Redress have published a new report setting out a series of principles to help shape a legal right to consular assistance. These intend to stop any ongoing violation against a British national, or prevent it from occurring, and to enable compensation and reparations (including rehabilitation in appropriate situations) to be provided to British nationals who have suffered human rights violations. Alongside British Rights Abroad Group, Free Nazanin Campaign, and Hostage International, Prisoners Abroad is proud to endorse this publication. 

Christopher Stacey, Chief Executive of Prisoners Abroad says: 

"Prisoners Abroad has over 45 years’ experience of supporting British people in prisons overseas and know how significant the UK government’s consular assistance is to those in trouble abroad; it is especially so for people imprisoned in countries where they may not understand the criminal justice system, the language or the culture. 

For these people, consular assistance overseen by the Foreign, Commonwealth & Development Office (FCDO) provides unique and vital support at a most crucial and sometimes dangerous time in their lives. The people we support often tell us that without the interest or involvement of consular staff, they would be at greater risk of torture, mistreatment and other abuses of their human rights.  A visit, phone call or letter from UK government officials can show local authorities that someone outside of the prison is aware of the person’s situation and concerned for their welfare.  

One of our key purposes as a charity is to safeguard the welfare and human rights of British citizens detained overseas and we achieve this in several ways. Sometimes this is with practical measures, such as providing grants for clean water, food, and medical treatment to alleviate the impact of harsh conditions and sometimes through advocacy, relaying to consular officials concerns about mistreatment flagged by the person we are supporting. Our services rely on a close working relationship with the FCDO, and we strive to ensure that this relationship is strong so that Britons are aware of and can receive our help and support.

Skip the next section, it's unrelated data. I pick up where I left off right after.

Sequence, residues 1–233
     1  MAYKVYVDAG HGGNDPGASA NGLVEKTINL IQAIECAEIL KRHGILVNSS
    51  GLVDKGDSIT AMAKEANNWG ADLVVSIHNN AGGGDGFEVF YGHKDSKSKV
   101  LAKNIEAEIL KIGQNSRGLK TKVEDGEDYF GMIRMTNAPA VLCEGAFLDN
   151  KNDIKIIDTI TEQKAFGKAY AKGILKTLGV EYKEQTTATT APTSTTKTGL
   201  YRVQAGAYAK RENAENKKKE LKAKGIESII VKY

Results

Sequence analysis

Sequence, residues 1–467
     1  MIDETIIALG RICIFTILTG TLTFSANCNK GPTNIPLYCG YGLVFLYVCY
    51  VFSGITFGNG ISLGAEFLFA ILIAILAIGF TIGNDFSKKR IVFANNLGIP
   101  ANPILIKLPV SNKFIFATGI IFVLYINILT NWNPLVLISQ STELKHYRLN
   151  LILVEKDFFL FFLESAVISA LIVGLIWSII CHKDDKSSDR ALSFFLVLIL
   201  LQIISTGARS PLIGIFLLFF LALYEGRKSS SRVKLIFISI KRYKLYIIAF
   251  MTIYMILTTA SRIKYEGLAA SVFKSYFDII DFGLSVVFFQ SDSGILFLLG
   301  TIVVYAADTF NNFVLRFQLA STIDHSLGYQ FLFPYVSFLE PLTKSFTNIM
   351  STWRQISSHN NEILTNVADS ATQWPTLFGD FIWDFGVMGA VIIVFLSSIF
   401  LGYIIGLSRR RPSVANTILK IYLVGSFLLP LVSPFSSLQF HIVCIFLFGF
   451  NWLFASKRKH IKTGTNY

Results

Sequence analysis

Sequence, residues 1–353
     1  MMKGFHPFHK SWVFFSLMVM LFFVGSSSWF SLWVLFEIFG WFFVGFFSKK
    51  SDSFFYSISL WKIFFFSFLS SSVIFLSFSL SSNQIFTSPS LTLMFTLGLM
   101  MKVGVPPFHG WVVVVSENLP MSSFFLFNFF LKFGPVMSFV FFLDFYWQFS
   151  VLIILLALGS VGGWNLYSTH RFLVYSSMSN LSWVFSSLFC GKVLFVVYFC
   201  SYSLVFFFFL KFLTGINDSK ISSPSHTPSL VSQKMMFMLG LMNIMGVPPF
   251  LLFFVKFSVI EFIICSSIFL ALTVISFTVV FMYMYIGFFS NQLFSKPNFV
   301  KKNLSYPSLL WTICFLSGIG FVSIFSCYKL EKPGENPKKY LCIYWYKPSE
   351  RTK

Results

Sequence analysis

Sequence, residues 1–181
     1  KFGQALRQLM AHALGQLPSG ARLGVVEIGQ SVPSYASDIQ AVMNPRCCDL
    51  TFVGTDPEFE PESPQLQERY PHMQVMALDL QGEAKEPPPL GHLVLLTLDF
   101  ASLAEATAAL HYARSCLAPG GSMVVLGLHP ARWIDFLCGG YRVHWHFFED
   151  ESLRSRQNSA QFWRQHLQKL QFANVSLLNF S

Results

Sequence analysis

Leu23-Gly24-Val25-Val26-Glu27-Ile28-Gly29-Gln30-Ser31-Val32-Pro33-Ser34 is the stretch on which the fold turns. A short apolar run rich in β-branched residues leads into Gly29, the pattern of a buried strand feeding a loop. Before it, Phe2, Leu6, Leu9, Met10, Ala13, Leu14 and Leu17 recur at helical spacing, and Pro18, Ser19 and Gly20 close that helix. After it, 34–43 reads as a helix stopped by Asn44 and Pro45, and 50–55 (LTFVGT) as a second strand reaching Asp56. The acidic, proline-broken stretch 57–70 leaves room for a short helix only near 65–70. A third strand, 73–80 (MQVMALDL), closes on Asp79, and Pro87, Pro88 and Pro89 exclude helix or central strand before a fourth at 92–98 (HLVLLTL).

There are, however, some groups of people that are very hard to access and help; these include those deemed to be arbitrarily detained who may also be dual nationals of the country where they are imprisoned, often without having grown up in that country or holding residence there. These people can disappear into prison systems, not receive legal help or the support of the UK government, and therefore Prisoners Abroad may never hear about them or be able to offer any support. This group is extremely vulnerable and needs all the protection that can be afforded by the UK government.

For British citizens detained overseas, consular assistance is absolutely vital to safeguarding their welfare and human rights, and therefore Prisoners Abroad supports the principle put forward by Redress that consular assistance should be provided as a legal obligation.

A shift to a legal obligation is the right thing to do, instead of a discretionary policy that is subject to changes to government priorities, political will and the complex relationships between the UK and other countries. It would undoubtedly require a change culture and practice within the FCDO and UK embassies around the world, but we believe this would be a positive development that would help to protect an extremely vulnerable group of British citizens at a time when they are most in need."

For press and media enquiries, please contact: [email protected]